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Rectors of St Michael & All Angels Church, Houghton-le-Spring, 1131 to 2008

Rector John Grey, 1847 - 1895

St Michael & All Angels Church has had a long line of Rectors looking after its good fortunes. There have been 52 Rectors (that we know of), including two intruders, since 1131. Medieval Rectors probably never even visited Houghton.
Copyright © Books of the North 2000 - 2010.

The new incumbent, Rev Canon Sue Pinnington, was inducted on October 29th 2008.

* Initials after a Rector's name indicate qualification or theological degree, e.g. STB. This list is not complete.

1131 – Renaldus – nothing more is known about this shadowy rector.

1147 – Rogerus – Presbyter of Houghton.

1258 – Master Geoffrey de Sancta Agatha - previously of Carlisle.

1260 – John Mansell.

1294 – Robert de Beckenham.

1310 – William de Sancta Botolpho – also Archdeacon of Durham.

1311 – Stephen de Manley.

1326 – Theobald de la Valle.

1330 – Manserus Marmeyon – already Prebendary of Lanchester Collegiate Church.

1347 – William Dalton – already Prebendary of Hastings and Bridgnorth, and Sacrist of Beverley.

Copyright © Books of the North 2000 - 2010.

1365 – William Burstall.

1377 – John Henley.

1390 – Thomas Walkington – also Archdeacon of Cleveland.

1410 – John Newton - described by the 18th century historian, Hutchinson, as ‘a bad man’ while he was Master of Sherburn Hospital.

1417 - 1420 – John Kemp - to be confirmed.

1427 – Henry Oculshagh.

1434 – Thomas Astleigh (or Astley).

1470 – Henry Gillow – buried in the churchyard with his mother, under what is now the vestry.

Houghton Rectory
Houghton Rectory

1483 – Henry Keeling – fortified part of the Rectory. A year later a Durham pardon licence to crenallate was issued by the Bishop of Durham to John Kelyng, Rector. The document read: "Has pardon for having without licence begun to fortify a house within his rectory; and licence to continue the works."

1490 – Alexander Lyghe – within 12 months he was stricken with palsy and a coadjutor, Robert Kent, was appointed to look after the Church.

1500 – Robert Kent, S T P – appointed after the resignation of Lyghe.

1528 – William Franklyn (or Frankeleyn), S T B – held numerous positions and never lived in Houghton. The Rectory fell into disrepair. He died in 1555.

1555 - Unknown.

Copyright © Books of the North 2000 - 2010.

Rector Bernard Gilpin

Bernard Gilpin

1558 – Bernard Gilpin, S T B – Apostle of the North and Father of the Poor. He was knocked down by an ox in Durham Market Place and died shortly afterwards on March 4th 1583. Find out more about Bernard Gilpin by clicking HERE

1583 – Emmanuel Barnes, S T P.

1585 – Robert Bellamy, MA, MD – a doctor of medicine. Rector Bellamy was also a Governor of the Royal Kepier Grammar School.

1589 – Robert Hutton, S T P – nephew of Dr Matthew Hutton, Bishop of Durham, builder of Houghton Hall.

1623 – Augustine Lindsell, S T P.

1632 – Peter Heylin (or Haylin), S T P – a historian and Chaplain to Charles I.

John Barwick
William Sancroft
John Barwick
Wm Sancroft

1633 – Hamlet Marshall, S T P – originated in Hampshire.

1645 – John Barwick, S T P – (aka Johannes Barwick) took up residence in the Rectory 15 years later, his duties carried out by Justice Delaval of Hetton. His appointment was during the Civil War by a Bishop who had had his powers removed! Rev Barwick was charged with high treason and was committed to the Tower of London for over 2 years! The Vestry Book of 1660 states that "Jo Philpott is to be admitted clerke of the parish of the consent of Dr Barwick the Rector of Houghton aforesaid, and the churchwardens." In 1661 he became Dean of St Paul's Cathedral. It is said that he was given the Rectory in 1641.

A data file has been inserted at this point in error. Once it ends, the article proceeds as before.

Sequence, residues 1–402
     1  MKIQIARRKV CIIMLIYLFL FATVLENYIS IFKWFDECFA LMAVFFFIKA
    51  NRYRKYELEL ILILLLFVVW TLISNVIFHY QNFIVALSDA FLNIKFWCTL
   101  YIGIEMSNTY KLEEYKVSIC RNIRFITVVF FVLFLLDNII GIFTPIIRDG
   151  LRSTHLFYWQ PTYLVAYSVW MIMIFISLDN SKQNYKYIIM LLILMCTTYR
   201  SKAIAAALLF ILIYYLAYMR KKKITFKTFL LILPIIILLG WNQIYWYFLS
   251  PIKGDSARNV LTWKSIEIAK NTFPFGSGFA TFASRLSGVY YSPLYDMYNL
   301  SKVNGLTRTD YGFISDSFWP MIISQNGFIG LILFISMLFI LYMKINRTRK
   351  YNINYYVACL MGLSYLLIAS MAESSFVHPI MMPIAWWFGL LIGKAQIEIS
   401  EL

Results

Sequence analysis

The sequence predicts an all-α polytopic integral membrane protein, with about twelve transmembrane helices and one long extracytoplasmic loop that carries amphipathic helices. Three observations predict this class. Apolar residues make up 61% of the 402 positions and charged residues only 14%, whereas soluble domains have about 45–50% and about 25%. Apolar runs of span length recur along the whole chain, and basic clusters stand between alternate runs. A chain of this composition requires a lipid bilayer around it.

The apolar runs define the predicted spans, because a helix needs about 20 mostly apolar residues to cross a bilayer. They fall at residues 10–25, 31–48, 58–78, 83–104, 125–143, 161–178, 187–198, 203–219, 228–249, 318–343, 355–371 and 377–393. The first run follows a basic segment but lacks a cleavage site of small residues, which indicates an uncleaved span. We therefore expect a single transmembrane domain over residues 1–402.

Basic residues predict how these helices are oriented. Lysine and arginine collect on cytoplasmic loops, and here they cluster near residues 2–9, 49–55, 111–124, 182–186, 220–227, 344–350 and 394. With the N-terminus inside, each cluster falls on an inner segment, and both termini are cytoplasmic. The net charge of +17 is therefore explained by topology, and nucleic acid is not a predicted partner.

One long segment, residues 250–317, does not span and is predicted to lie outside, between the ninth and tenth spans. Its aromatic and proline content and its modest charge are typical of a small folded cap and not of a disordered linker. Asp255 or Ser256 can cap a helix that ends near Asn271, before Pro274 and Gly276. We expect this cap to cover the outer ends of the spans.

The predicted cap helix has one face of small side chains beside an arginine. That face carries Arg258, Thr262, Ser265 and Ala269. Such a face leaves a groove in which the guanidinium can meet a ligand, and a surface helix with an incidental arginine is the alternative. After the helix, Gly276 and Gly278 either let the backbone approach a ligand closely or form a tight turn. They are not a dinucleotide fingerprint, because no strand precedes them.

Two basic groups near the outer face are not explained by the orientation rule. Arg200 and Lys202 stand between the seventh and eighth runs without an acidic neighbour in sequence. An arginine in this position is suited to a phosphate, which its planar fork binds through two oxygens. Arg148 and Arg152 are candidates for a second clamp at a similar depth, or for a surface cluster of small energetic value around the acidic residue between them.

Intruder – M. Meastrop – intruder to the incumbency.

Intruder – Nicholas Battersby – intruder to the incumbency.

1661 – William Sancroft, S T P – left St Michael's in 1664 to become Dean of St Paul's Cathedral, London. He became Archbishop of Canterbury in 1677, described as ‘quiet, gentle, unobtrusive but firm as a rock’; he died in Fressingfield, Suffolk, 1693. His grave is still in a very good condition. In Houghton, a comprehensive school was named in his honour - Sancroft School which opened on Dairy Lane in 1975.

1664 – George Davenport, MA – from Leicester, rebuilt the Rectory from the ground, and founded three of the Almshouses. He died on July 6th 1677 and was interred in the north transept of St Michael's Church.

1667 – Robert Clark, MA.

Copyright © Books of the North 2000 - 2010.

1677 – Henry Bagshaw, S T P – Chaplain to the British Ambassador in Spain and Portugal, he died on December 30th 1709 aged 77 years. A memorial marks his death in the south transept of St Michael's Church.

1710 – Sir George Wheler, S T P – born at Breda in the Netherlands on 20 January 1651, he had a family of eighteen, his daughter married Dr Thomas Sharp, Archdeacon of Northumberland, in the private chapel of Houghton Rectory. George was knighted when he was 17 years old in 1682! Find out about his charity school for girls, which was housed in the Rectory Gatehouse, by clicking HERE. He died on the 15th January 1724 and was buried inside Durham Cathedral.

1723 – Thomas Secker, MA, DD – Rector for 3 years, before becoming the Chaplain to the King in 1732. He went on to become Archbishop of Canterbury in 1758.

George Wheler
Thomas Secker
George Wheler
Thomas Secker

1727 – Richard Stonehewer, MA – a former Rector of Washington, he was at Houghton for 42 years, but was a cause of a bitter dispute with the Master and Governors of the Royal Kepier Grammar School in 1746.

1769 – John Rotheram, MA – Rector for 20 years, he was liked by people of all denominations; he was buried in the Chancel of St Michael’s following his death at Bamburgh Castle on July 16th 1789, at the age of 64 years. His grave is next to that of his his brother in the south transept of St Michael's Church; their grave is marked by a marble tablet with a Latin inscription.